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The Bar is Rising for Securing Workloads in the Public Cloud

The Bar is Rising for Securing Workloads in the Public Cloud – Will it Affect Cloud Adoption?

Enterprise cloud adoption has grown significantly in the past few years, with 90% of businesses expected to utilize cloud services by the end of 2022. This spells a big boom for cloud service providers (CSPs). The global cloud computing market is currently valued at over $480 billion and will grow to more than $1.7 trillion in 2029. The growth potential is massive, but there’s a big catch.

As enterprises get more consistent with their approach to the cloud, they are becoming more security conscious. Enterprise cloud customers are starting to demand single security policy and single security workflow on top of multi-cloud support. As a result, many customers shift their cloud philosophy from an agility-first system that ignores all the rules to an enterprise computing platform that must factor in security and compliance.

Leading CSPs must recognize that although cloud adoption will continue to accelerate in the future, enterprises now will give more weight to providers that can deliver top-class security in addition to sophisticated cloud services and their benefits.

What CSPs Need to Do

Given the ubiquitous connectivity in the cloud, the network is the most efficient place to place defenses. But following the rules can’t come at the expense of the cloud’s benefits. This means two things:

  1. Cloud “tools” that satisfy a single need, are bound to a single platform, and require heavy management to put into production won’t work.

There are valid concerns regarding the dependability of a CSP’s network security capabilities, from vendor lock-in, misconfigurations, lack of visibility, external sharing of data, insecure APIs/interfaces, data security compliance, and more. Modern consumers want the benefits of the multi-cloud approach and don’t want to be tied to a single CSP with a rigid, generic network security framework.

  1. Legacy data center virtual appliances that are pre-cloud might have the network security features but fail the cloud test. As enterprises move their processes and information to the cloud, their need to store and move volumes of business data using on-premise, legacy networking devices diminishes significantly.

Modern CSPs need to develop an approach that combines the benefits of multi-cloud and the desirable security features that enterprises demand of legacy systems. In addition, CSPs need to offer enterprise consumers these security capabilities along with the cloud pedigree.

Cloud Vulnerabilities Drive Demand For Cloud-Native Security

Most enterprises started efforts in the public cloud in a distributed fashion. As many attempts to make those efforts consistent, they look to bring a proven set of security functions to bear – albeit in a cloud-native form factor.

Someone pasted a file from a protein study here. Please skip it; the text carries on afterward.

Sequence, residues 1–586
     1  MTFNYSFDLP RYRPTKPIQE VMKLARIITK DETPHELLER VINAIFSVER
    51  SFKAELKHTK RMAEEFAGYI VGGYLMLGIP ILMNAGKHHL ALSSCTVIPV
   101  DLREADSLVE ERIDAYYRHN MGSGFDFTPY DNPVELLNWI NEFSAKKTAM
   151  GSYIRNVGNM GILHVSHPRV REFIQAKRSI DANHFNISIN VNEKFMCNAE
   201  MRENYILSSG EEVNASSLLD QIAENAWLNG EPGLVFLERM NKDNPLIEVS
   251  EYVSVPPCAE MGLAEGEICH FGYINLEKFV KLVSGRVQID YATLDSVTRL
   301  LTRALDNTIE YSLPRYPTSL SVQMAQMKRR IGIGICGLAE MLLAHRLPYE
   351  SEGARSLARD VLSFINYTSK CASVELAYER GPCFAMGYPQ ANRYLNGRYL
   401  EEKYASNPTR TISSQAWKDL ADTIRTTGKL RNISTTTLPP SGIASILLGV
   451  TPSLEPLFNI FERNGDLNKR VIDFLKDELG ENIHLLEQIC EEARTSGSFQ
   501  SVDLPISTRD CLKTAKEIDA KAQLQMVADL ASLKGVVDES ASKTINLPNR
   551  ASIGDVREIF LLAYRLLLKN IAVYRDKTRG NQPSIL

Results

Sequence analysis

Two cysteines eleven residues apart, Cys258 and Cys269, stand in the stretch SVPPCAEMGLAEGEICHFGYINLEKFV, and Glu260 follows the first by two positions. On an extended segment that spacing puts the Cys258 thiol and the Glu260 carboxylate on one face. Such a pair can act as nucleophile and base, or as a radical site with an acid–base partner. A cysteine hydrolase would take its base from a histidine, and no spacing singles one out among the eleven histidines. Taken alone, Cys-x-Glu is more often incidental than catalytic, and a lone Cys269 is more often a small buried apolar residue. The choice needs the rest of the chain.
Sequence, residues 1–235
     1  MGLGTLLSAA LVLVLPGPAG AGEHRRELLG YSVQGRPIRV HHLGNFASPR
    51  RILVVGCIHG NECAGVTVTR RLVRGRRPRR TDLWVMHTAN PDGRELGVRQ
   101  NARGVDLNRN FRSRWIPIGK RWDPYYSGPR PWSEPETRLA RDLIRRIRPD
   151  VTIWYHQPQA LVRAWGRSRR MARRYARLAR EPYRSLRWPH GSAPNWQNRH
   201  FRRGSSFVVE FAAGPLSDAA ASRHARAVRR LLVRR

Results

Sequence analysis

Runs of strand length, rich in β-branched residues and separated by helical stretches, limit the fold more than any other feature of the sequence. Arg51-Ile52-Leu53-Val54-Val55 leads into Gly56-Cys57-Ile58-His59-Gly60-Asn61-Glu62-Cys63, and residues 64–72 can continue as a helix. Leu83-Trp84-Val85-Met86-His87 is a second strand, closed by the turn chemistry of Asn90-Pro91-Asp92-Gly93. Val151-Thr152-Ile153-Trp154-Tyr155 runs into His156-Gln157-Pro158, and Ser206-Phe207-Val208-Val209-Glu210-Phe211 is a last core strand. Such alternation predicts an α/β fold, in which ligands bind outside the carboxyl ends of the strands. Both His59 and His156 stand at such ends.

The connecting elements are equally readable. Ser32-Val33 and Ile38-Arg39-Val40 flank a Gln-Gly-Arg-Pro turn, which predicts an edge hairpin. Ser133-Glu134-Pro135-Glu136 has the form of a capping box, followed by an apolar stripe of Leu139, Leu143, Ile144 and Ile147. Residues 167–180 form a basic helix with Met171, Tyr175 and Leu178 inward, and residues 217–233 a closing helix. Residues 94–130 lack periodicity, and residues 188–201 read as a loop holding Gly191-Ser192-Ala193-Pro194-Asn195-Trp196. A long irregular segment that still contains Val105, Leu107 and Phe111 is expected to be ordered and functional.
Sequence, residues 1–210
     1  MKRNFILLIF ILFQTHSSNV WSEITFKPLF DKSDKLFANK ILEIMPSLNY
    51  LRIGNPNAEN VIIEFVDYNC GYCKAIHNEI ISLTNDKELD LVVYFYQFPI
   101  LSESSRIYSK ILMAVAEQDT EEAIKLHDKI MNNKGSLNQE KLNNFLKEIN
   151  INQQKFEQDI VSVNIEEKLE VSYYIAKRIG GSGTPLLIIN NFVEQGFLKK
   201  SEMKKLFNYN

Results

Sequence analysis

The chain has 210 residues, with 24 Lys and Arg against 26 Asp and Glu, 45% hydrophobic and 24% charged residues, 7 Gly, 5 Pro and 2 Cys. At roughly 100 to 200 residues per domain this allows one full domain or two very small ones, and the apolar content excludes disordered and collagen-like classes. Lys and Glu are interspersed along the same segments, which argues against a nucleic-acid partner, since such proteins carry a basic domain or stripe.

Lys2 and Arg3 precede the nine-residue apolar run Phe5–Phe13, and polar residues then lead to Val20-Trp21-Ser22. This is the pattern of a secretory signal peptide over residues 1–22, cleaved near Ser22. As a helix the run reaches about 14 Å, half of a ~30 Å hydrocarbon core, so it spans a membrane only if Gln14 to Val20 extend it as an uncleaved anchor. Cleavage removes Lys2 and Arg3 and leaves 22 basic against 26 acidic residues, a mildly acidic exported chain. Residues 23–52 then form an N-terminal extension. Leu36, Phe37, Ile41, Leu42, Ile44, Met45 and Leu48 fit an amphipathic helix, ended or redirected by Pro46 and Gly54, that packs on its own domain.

It is imperative in today’s business landscape to achieve fast and unhindered delivery of mission-critical cloud-native applications. But as cyber threats grow ever more sophisticated, enterprises need to shift left and address all cloud vulnerabilities and risks with cloud-native security solutions designed to shield apps, resources, workloads, and data residing in the cloud.

There has been increased interest in cloud-native security due to a few critical cloud-wide vulnerabilities, most notably Log4j/Log4J Shell. In our conversations with enterprises, we note that they are looking for:

  • A single workflow of network visibility, deployment of security controls, and a single security policy workload
  • Low latency, high performance
  • Dynamic multi-cloud policy across subscriptions

These emerging needs effectively highlight areas where leading CSPs are lacking. These flaws also provide top-rated CSPs the opportunities they need to remain leaders in the market. All they have to do is address them effectively.

  • Providing enterprises a unified security policy that is implementable across different security functions (e.g., FW/IPS/WAF) for each workload
  • Eliminate data path architecture limitations
  • Removing control-plane limitations.

Raising the Cybersecurity Bar in the Cloud-Native Era

It’s not enough to be a secure platform. Piecemeal efforts like toolkits, narrowly-scoped security tech, and siloed third-party offerings won’t meet that bar.

Enterprises want all of the benefits of the cloud, but expectations for their ability to secure workloads have been raised. Suppose the cloud is the platform of choice for enterprise apps. In that case, organizations will need to secure those apps in the way their risk management policy dictates – which is to say that the cloud security bar is now at the enterprise level. Along with this perception is enterprise consumers’ expectation that CSPs do a better job in providing best-in-class cybersecurity.

In this cloud-native era, CSPs must take a more prominent role in cybersecurity. While this could relieve CISOs of some burden, the bulk of cybersecurity remains in their hands. CSPs have to enhance their offerings and make their security configurations workload and app-centric while leaving consumers room for customization to meet business-specific requirements and ensure adherence to prevailing industry standards and compliance policies.

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